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State Capital Title & Abstract Company v. Charles Jones, Inc.

A-1065-98T2 (N.J. Super. App. Div. 2000) (Unpublished)

NON-COMPETITION—Substantial changes in the business relationship between parties can make it unreasonable to enforce a once enforceable restrictive covenant even if was to be of indefinite duration.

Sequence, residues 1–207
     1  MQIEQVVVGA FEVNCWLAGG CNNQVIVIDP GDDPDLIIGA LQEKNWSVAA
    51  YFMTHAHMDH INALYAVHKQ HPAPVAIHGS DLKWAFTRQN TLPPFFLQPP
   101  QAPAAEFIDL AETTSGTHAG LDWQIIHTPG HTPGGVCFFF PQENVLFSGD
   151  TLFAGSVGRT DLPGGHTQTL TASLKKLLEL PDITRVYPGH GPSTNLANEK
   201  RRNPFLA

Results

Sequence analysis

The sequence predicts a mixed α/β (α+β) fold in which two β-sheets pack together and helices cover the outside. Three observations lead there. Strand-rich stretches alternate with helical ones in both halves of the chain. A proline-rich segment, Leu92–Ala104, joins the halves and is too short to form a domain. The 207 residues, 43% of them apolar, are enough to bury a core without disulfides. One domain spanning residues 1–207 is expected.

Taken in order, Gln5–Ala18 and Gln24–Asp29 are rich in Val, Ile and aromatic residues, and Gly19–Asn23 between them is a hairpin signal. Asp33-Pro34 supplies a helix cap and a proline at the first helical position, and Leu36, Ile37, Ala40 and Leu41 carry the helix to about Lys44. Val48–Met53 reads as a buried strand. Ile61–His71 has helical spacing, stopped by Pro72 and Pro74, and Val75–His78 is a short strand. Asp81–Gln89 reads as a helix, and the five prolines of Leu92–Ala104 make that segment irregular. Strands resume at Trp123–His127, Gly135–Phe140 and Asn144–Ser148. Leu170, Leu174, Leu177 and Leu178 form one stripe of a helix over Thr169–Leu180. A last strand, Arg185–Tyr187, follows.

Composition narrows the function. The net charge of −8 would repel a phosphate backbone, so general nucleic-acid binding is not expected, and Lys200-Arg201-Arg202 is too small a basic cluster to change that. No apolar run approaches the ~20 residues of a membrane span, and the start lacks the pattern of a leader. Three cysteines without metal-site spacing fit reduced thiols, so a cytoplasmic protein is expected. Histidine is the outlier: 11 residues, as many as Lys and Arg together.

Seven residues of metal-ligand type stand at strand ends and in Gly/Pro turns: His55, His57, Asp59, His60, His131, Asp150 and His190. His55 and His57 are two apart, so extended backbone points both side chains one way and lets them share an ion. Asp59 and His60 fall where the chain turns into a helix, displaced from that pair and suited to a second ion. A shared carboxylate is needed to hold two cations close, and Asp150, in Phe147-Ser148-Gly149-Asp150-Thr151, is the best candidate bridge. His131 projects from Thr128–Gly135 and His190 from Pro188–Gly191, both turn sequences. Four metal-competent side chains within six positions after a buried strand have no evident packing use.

Two companies entered into an agreement to work in a cooperative and coordinated manner to provide certified search services required by the title industry. The parties also agreed not to engage in any business conducted by the other within New Jersey for “a period of 10 years ... and for such longer period as shall be legally enforceable.” One company was in the business of providing certified judgments to those conducting title searches. One of its affiliates offered on-line uncertified searches of bankruptcies, federal and state tax liens, judgments, law suits commenced, foreclosures, corporate records, and UCC filings in various states, including New Jersey. The other provided certified reports of New Jersey corporate status, Uniform Commercial Code, and other public company records. The second company brought an action in the Chancery Division seeking enforcement of the covenants to cooperate and not to compete for so long as it remained in business. It contended it was entitled to an affirmative injunction requiring the first company to place it on its on-line menu on an exclusive basis and also a prohibitory injunction preventing the first company, through its affiliated companies, from offering its customers New Jersey corporate and UCC information obtained from the Secretary of State. The lower court found “that continued enforcement of the restrictive covenant would be unreasonable and unfair.” It further found that the second company had “no legitimate business interest in preventing [the first company’s subsidiary] from selling uncertified searches on-line to customers of its New Jersey corporate status and UCC data bases since this was not the business [of the second company] back in 1967 when the agreement was executed nor [was] it now.” The lower court, however, did find that “over the years, a cooperative and coordinated effort developed to offer complimentary and comprehensive services to the New Jersey title industry in the form of certified information,” which arrangement was “after a reasonable period of time, terminable at will by either party upon reasonable notice.” Accordingly, it required the first company to maintain the second company as an exclusive option in its on-line service for a one-year period and as a non-exclusive option for two years. The Appellate Division described the lower court’s ruling as a “well-reasoned written opinion.” While the Court viewed the restrictive covenant as being of indefinite duration, it agreed with the lower court’s conclusion that the non-competition restriction was no longer reasonable because of the substantial changes in the parties’ businesses subsequent to the 1967 arrangement.


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